It seems to be fashionable now for reactionaries (with the utmost irony, for those familiar with their talking-points) to be “ambiguous” about their position as to the authority of Vatican II. Of course, it used to be taken for granted by all orthodox, tradition-accepting, observant, pious, devout Catholics, that an ecumenical council (in union with / ratified by a pope) carried sublime and binding authority. Not any more . . .
This ambiguity is seen in reactionary Taylor Marshall, author of the runaway reactionary bestseller, Infiltration. He tries (like a good postmodernist subjectivist) to play it both ways in his book: against Vatican II and also “for” it. He “talks out of both sides of his mouth.” And so I have encountered many of his followers (Marshallites, I call ’em) who will vociferously argue that he doesn’t reject Vatican II.
That’s quite odd, when one observes the theme over and over in book reviews on Amazon, of Vatican II-bashing, as I documented. This was certainly the impression that they (his devoted fans) had of the book. I have also shown (from his book) how Marshall is definitely against the Second Vatican Council, and regards it as modernist.
Lest anyone be confused (or deceived) about the general reactionary hostility against Vatican II among radical Catholic reactionaries, I offer this handy survey. You may not be aware of how far things have now degenerated. Even pope-bashers (but not reactionaries) like Phil Lawler (author of Lost Shepherd) have jumped on the bandwagon.
In an article dated 23 August 2017, Lawler the suggested the possibility of questioning Vatican II itself: not just a warped implementation of it by the so-called “progressive” dissidents. This is a second classic hallmark of the reactionary mindset. In particular, his recourse to “ambiguity” in VCII is right from the reactionary playbook. He wrote:
Did the problems that arose after Vatican II come solely because the Council’s teachings were ignored, or improperly applied? Or were there difficulties with the documents themselves? Were there enough ambiguities in the Council’s teaching to create confusion? If so, were the ambiguities intentional—the result of compromises by the Council fathers? . . .
More to the point, while it is certainly true that the “spirit of Vatican II” that is often cited in support of radical changes cannot be reconciled with the actual teachings of the Council, it is also true that the proponents of change can cite specific passages from Council documents in support of their plans. So are those passages being misinterpreted. Are they taken out of context? Or are there troublesome elements of the Council’s teaching, with which we should now grapple honestly? One thing is certain: we will not solve the problem by pretending that it does not exist.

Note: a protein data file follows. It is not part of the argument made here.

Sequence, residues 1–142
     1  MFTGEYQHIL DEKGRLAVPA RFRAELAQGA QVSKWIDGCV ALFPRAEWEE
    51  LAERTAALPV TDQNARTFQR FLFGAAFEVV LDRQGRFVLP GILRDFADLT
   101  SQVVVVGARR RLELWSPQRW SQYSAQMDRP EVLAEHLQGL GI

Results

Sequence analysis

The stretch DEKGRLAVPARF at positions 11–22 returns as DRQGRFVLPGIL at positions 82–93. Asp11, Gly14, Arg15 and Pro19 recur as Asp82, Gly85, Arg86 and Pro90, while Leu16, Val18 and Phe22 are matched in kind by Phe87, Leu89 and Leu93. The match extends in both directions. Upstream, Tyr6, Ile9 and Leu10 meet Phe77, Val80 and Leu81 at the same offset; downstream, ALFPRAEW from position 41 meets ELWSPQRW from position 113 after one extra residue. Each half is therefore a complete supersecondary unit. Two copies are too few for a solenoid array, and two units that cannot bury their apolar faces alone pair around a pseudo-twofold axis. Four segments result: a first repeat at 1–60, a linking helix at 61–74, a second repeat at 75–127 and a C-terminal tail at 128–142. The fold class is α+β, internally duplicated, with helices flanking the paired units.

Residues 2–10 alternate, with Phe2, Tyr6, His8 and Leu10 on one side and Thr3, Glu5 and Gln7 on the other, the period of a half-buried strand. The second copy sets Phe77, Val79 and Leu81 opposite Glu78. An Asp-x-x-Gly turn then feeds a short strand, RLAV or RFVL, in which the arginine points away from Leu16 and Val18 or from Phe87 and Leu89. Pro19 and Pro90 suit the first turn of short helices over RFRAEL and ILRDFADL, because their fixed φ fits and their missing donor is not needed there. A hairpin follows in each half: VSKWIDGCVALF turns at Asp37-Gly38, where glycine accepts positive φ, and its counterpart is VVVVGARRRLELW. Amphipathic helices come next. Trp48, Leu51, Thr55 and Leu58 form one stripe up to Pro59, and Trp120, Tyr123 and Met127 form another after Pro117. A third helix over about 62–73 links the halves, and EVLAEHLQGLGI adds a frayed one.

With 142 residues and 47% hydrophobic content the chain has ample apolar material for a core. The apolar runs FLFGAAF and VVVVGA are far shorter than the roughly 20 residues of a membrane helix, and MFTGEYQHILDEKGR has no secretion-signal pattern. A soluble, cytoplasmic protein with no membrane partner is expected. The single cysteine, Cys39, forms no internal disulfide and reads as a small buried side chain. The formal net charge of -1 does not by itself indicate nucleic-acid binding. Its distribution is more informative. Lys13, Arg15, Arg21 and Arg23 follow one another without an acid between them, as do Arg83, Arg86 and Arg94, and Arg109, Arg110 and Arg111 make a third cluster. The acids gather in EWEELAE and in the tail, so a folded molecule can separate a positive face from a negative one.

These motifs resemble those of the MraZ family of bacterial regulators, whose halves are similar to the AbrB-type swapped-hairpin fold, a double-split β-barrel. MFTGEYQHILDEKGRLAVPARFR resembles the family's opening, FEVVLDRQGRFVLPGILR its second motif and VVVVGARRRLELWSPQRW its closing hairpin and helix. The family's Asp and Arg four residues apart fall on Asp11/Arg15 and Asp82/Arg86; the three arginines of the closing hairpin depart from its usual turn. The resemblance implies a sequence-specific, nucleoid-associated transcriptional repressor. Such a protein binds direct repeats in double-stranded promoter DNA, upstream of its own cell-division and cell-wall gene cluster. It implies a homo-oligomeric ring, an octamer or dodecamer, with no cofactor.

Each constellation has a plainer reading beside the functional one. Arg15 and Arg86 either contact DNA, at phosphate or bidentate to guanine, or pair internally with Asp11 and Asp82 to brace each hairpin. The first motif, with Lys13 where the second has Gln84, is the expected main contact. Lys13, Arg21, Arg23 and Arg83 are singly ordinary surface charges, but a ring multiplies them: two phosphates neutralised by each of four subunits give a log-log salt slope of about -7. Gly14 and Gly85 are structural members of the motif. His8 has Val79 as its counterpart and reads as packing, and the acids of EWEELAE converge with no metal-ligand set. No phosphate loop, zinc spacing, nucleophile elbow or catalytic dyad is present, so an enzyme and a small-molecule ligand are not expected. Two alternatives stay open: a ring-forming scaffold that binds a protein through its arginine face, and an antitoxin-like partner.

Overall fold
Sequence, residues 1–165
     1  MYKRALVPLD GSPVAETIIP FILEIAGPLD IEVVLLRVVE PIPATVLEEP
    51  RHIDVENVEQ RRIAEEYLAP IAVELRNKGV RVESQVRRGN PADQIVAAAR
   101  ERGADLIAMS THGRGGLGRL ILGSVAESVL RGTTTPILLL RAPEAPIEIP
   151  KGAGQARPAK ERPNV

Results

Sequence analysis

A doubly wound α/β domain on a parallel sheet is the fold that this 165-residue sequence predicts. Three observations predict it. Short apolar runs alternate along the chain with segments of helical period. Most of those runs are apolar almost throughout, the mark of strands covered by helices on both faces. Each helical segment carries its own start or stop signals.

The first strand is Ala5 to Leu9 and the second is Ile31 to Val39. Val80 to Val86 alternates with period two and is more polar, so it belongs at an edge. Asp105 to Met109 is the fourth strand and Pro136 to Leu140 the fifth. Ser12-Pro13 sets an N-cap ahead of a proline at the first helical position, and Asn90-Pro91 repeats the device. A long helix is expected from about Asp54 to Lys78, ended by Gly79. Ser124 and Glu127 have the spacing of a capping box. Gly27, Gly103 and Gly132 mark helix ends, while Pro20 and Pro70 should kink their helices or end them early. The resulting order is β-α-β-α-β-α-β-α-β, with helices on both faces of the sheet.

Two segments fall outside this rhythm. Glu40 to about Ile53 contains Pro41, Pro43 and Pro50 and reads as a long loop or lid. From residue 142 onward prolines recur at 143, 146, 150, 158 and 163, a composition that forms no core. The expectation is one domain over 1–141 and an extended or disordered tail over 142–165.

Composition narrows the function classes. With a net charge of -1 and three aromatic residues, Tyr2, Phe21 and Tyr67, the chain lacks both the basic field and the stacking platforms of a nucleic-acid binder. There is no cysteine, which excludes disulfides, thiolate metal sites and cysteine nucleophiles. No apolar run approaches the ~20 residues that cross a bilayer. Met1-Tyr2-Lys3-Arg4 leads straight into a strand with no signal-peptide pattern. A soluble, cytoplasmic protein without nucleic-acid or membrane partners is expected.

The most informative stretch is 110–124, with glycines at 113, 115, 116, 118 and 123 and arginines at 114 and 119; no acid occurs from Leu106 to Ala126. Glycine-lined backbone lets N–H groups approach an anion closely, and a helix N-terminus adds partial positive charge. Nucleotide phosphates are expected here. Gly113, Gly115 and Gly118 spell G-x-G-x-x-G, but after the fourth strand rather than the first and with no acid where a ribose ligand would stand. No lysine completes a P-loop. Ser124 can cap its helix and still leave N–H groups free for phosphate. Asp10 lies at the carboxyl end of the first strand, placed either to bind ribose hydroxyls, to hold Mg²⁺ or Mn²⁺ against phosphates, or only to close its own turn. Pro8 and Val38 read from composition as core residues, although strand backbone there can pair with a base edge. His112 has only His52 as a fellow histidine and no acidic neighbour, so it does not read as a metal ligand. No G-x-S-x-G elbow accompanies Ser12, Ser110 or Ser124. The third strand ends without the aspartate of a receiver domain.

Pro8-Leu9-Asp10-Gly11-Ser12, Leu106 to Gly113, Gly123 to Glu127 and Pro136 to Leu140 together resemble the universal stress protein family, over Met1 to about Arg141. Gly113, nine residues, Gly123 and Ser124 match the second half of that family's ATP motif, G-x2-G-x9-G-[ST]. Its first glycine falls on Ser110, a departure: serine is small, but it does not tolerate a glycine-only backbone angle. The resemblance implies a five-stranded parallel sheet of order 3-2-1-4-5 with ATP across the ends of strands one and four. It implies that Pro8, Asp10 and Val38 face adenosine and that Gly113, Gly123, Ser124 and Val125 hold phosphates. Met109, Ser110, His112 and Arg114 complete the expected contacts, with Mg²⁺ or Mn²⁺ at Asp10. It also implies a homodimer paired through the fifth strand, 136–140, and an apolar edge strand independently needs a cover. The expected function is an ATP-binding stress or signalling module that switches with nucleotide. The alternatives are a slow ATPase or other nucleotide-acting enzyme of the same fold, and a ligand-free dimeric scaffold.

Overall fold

The same is true of Ross Douthat, another pope-basher, and author of To Change the Church, whom I also don’t classify as a reactionary. He wrote in that book:
Conservative Catholics need to come to terms with certain essential failures of Vatican II. . . .
[A] major part of Vatican II’s mission was to equip the Church to evangelize the modern world, and that five decades is long enough to say that in this ambition the council mostly failed. . . .
This doesn’t mean the council was a failure in its entirety, or that arch-traditionalists are right to condemn it as heretical, or (as more moderate traditionalists would argue) that the council itself was primarily to blame for everything that followed. The experience of every other Christian confession suggests that some version of the same civil war and institutional crisis would have arrived with or without the council.
But we need to recognize, finally, that for all its future-oriented rhetoric, Vatican II’s clearest achievements were mostly backward-looking. [his italics, and my bolded emphases]
This shows that reactionary thinking is gradually creeping into even non-reactionary thought, among the pope-bashers, at any rate (whose numbers keep increasing). But once we get to the reactionaries, we see that it is outright disdain and “dissing” of the Council, in no uncertain terms (though usually not its technical validity, which is another game the reactionaries play — now classically expressed by Taylor Marshall — , so as to be “ambiguous” and have it both ways). I shall now take a look at four of the major reactionary venues and writers:
One Peter Five